Sleep is an important and fraught topic for many. For me, this is one of the more practical guides I stumbled across, and I found it helpful. I hope you will, too, but if you don’t, just remember: the most useful sleep advice is whatever doesn’t reduce literally everyone in the household to uncontrollable sobbing. There is a reason why sleep deprivation is a known torture technique, and new parents should bear that firmly in mind when they go through it themselves. It is so exhausting to try to get a tiny (or not so tiny) human to sleep on a regular basis that people have written books like Go the F- to Sleep, and we all know that they were not being melodramatic in the least. May your sleep be long, deep, and uninterrupted as often as possible, my fellow parenting humans.
The Montessori Baby: A Parent’s Guide to Nurturing Your Baby with Love, Respect, and Understanding by Simone Davies and Junnifa Uzodike
To be honest, I’m a little leery of approaches that promise to be the best possible fit for all. However, The Montessori Baby will strike a chord with many parents, particularly with their emphasis on letting go of our expectations for our children and letting them lead the way toward what they are most drawn to. The authors also emphasize some things that will be familiar to those interested in Montessori, like the concept of an “absorbent mind” and how “human tendencies” guide how babies and children interact with their home and the others around them. If this speaks to you, you will find practical suggestions on how to prepare your home and yourself to receive your new tiny human and begin raising them with a gentle, baby-guided approach.
What to Feed Your Baby and Toddler by Nicole M. Avena, PhD
I know there are a lot of common questions and dilemmas that arise when you’re trying to feed a tiny human, and those seem to only grow bigger with passing months. Full disclosure: I did not make my own organic, locally sourced, perfectly balanced baby food linked to the seasons, and I don’t think anyone else has to either. However, you may want a guide to think over some of the big questions about feeding your little one, so here is one to turn to for guidance. I appreciate that Dr. Avena has a note about not worrying too much about past choices (either as a gestating human or for your little human outside the womb) but to instead focus on the adjustments you can make now that could be beneficial.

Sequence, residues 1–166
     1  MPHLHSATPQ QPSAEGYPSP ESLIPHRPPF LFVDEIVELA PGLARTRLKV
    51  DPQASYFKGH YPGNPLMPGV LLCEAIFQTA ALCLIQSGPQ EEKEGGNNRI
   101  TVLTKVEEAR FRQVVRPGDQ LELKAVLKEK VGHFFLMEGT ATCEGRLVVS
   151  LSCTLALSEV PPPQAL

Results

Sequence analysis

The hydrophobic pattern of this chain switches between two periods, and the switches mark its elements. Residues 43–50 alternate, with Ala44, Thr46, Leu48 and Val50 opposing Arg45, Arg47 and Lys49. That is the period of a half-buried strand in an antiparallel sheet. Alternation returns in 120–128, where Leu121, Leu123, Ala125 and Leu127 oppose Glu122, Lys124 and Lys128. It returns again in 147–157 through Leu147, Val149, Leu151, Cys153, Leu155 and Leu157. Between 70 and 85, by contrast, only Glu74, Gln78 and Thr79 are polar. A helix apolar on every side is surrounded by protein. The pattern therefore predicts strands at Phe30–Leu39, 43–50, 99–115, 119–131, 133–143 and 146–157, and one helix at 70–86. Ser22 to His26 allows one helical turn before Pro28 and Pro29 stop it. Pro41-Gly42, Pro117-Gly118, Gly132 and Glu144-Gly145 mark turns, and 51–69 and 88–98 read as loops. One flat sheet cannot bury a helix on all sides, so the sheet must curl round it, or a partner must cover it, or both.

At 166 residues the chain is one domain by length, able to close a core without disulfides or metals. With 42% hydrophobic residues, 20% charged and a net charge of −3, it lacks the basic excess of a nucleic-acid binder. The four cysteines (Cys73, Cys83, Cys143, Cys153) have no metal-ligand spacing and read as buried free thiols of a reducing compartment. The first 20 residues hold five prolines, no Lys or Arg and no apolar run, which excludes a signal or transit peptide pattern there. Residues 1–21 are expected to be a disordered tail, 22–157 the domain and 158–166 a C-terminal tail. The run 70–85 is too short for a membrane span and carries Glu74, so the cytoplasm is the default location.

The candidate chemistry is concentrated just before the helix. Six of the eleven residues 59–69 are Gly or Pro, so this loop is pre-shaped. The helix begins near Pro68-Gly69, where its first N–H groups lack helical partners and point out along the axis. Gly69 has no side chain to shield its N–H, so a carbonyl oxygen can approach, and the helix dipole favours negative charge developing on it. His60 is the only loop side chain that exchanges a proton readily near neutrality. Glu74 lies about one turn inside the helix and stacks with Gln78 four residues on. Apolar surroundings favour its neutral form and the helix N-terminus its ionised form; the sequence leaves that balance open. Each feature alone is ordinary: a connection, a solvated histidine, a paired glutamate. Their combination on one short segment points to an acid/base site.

Weird Parenting Wins: Bathtub Dining, Family Screams, and Other Hacks From the Parenting Trenches by Hillary Frank
This is one of the best baby books out there for new parents because it has tiny vignettes of things parents have tried and found strangely effective. As I remember, being super sleep-deprived also made thinking of possible solutions to any problem — crying, feeding, diapering, or whatever — nearly impossible. These little snippets seemed like they might be especially valuable during the first year. They also provide some offbeat solutions that will at least make you feel better when you realize you may not be the only one who has to sing like an injured dinosaur (or whatever) to get your baby to sleep longer than a few minutes.
Very Intentional Parenting: Awakening the Empowered Parent Within by Destini Ann Davis
Davis’s approach emphasizes the parent perspective and encourages adults to look at themselves first when trying to establish a good role in their tiny human’s life. She starts out with the one person you can control: yourself. She also gives practical advice on how to focus on what you need to become a better parent. I particularly like that she focuses on intentions since that is also one of the few things that parents (and heck, all people!) can really control.
If you need a break from the best baby books for new parents out there, read a few good picture books like LGBTQ parents just being parents or the best new children’s books of November. Like everyone says, that first year can feel like a blur, so don’t worry too much if it isn’t perfect. If you’re up for more, learn to encourage elementary-age readers because, seriously, you’ll be there before you know it!